There are hundreds of Python libraries aimed to make lives easier for data scientists. Some good and some bad, some large libraries covering many areas and some that only do a couple things very well. Here is a list of 5 Python libraries that every data scientist is required to have installed in their environment.
Let’s jump right in!
Pandas is crucial for any data manipulation you are doing. Pandas encompasses a wide range of different data import and export methods, in addition to methods for indexing and manipulating data.
Pandas is mostly known for its DataFrame data type. The data frame is similar to what you will find in other statistical software. It is very effective for reshaping, splitting, aggregating, merging, and selecting data. It also utilizes Matplotlib (as we will discuss in a little bit) to plot a data frame quickly and simply. Most of the data wrangling in your project will employ Pandas.
Want to learn more about Pandas? Check out this blog post about the Basics of Pandas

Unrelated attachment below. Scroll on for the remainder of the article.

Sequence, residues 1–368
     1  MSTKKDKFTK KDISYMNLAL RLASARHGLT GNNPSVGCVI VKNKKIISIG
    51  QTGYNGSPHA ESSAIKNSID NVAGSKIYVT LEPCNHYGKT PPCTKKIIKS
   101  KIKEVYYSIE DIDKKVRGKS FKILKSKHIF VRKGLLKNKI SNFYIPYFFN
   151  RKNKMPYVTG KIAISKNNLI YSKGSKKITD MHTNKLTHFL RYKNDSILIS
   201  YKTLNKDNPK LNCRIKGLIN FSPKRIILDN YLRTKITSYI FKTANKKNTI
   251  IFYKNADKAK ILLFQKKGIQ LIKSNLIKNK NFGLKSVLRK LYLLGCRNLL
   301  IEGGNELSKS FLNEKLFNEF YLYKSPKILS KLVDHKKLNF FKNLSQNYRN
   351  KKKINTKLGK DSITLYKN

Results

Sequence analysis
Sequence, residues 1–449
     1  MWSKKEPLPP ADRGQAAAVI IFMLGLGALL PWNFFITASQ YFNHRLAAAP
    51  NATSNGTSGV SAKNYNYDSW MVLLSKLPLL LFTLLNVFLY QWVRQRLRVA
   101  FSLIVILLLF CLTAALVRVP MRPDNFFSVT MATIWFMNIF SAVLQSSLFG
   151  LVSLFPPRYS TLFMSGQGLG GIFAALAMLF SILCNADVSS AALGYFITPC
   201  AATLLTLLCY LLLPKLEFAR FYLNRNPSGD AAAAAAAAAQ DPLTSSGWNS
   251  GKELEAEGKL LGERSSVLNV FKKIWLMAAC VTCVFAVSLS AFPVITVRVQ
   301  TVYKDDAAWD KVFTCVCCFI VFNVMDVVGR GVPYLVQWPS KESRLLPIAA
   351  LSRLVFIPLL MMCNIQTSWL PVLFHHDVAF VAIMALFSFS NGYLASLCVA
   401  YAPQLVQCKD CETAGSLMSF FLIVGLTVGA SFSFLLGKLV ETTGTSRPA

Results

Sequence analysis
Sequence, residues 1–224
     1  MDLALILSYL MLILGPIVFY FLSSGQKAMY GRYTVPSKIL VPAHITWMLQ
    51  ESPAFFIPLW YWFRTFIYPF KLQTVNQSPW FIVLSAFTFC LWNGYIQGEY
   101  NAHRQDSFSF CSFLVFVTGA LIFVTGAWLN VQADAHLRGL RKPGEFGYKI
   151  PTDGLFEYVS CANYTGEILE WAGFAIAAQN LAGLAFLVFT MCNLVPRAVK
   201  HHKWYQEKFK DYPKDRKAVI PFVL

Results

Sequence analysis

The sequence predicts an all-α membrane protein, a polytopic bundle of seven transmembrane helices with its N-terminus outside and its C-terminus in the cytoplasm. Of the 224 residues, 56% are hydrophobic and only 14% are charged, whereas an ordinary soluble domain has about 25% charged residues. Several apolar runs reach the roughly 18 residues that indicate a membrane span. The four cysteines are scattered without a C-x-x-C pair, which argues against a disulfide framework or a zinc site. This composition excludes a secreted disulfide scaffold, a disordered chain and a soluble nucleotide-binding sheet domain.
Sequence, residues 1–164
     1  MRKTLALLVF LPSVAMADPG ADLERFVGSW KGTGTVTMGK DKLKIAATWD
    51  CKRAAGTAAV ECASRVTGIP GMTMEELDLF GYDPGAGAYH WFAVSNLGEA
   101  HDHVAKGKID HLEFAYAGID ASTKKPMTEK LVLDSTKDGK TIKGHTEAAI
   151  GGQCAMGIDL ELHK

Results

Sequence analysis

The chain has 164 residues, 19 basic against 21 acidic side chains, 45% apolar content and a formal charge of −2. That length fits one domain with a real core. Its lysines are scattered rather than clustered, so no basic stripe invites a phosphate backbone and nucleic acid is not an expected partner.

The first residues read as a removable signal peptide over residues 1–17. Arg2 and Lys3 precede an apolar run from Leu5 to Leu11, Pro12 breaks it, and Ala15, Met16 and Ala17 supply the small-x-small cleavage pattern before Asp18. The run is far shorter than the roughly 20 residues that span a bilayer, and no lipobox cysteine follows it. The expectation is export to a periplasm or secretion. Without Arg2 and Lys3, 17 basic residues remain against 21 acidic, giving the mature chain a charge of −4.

NumPy adds support for large, multi-dimensional arrays and matrices in addition to a large collection of mathematical functions built to interact with and operate the arrays/matrices. It is designed to handle numerical data, and it does the job very well and is in most instances faster than Python’s standard methods.
Matplotlib is a great library for creating two-dimensional graphs and diagrams. It makes it simple to throw together a histogram of a pandas data frame, or plot out scatterplots, bar charts, and much more. You can import styles, or easily change most any attribute of the figure. Again, this library is a great plotting library if you are in need of quick figures and it integrates very nicely with Pandas dataframes.
SciPy stands for Scientific Python, and includes functions for advanced calculations. This library is used by all math intensive professions, including data science and engineering.
Scikit-learn is the go-to library for standard machine learning and data mining tasks. It includes algorithms for clustering, regressions, model selection, classification, and more. With more than 1,000 contributors, the library is constantly updated and new features are added constantly, and models are often improved over time.
Now that you have installed all these libraries, get out there and start exploring. These libraries are super helpful and will help you accomplish more in less time. No need to reinvent the wheel!
Thank you for taking the time to read this post. If you liked it, go ahead and subscribe to my newsletter, or leave me a comment in the comment section below. Thanks!